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I'm stuck proving (or disproving) the equality of two sets $M_1=M_2$.

$M_1=\{k\in\mathbb{N}\ |\ \exists x(x\in\mathbb{N}\ \wedge\ k^2+4k+4=2x+4)\}$

$M_2=\{l\in\mathbb{N}\ |\ \forall y(y\in\mathbb{N}\ \rightarrow y\leq l)\}$


Here are my steps so far:

Solving for $k$ I get

$M_1=\{k\in\mathbb{N}\ |\ \exists x(x\in\mathbb{N}\ \land\ (k=-2+\sqrt{4+2x}\ \lor\ k=-2-\sqrt{4+2x}))\}$

then I transform $M_2$, such that

$M_2=\{l\in\mathbb{N}\ |\ \forall y(\lnot (y\in\mathbb{N})\ \lor (y\leq l))\}$

Now, I don't know what to do. What is the next step?

I know that, to prove the equality of two sets, I must proof that the first set is contained in the second set and vice versa. But how do I do that given the sets I have?

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    $\begingroup$ Hint: if all else fails, try a few simple examples: e.g., check whether $i \in M_1$ and $i \in M_2$ for small $i$, like $0$, $1$, $2$, ... If you find a discrepancy the two sets are not equal. $\endgroup$ – Rob Arthan Oct 28 '16 at 19:43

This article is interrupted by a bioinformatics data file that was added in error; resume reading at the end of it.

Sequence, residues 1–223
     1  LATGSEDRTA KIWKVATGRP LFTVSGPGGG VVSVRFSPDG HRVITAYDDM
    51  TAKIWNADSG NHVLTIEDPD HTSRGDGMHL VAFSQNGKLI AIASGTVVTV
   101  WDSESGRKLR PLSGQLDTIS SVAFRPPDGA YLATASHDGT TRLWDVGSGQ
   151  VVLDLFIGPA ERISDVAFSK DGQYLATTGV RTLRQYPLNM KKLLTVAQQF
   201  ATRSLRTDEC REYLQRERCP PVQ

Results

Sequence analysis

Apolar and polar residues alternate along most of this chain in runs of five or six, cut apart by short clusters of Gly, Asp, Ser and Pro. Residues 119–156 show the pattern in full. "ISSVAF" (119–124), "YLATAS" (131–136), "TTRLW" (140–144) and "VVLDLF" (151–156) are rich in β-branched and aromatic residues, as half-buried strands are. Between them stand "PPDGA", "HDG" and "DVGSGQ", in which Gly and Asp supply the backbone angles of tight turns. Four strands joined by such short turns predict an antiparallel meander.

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    $\begingroup$ You're right. I missed the "or disprove" part, and assumed that the claim was true. I saw that the bottom one was $\emptyset$ so assumed the top was as well without actually checking. I call this the "textbook infallibility principle" but when I was in school my professors always rejected the proofs I wrote that invoked it. $\endgroup$ – Gabriel Burns Oct 28 '16 at 19:47
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$2^2 + 4\times 2 + 4 = 16 = 2\times 6 + 4$ therefore $2\in M_1$.

Assume $l\in \Bbb N$. Then $l+1 \gt l$, thus $l \notin M_2$, therefore $M_2 = \emptyset$.

Thus $M_1 \ne M_2$.

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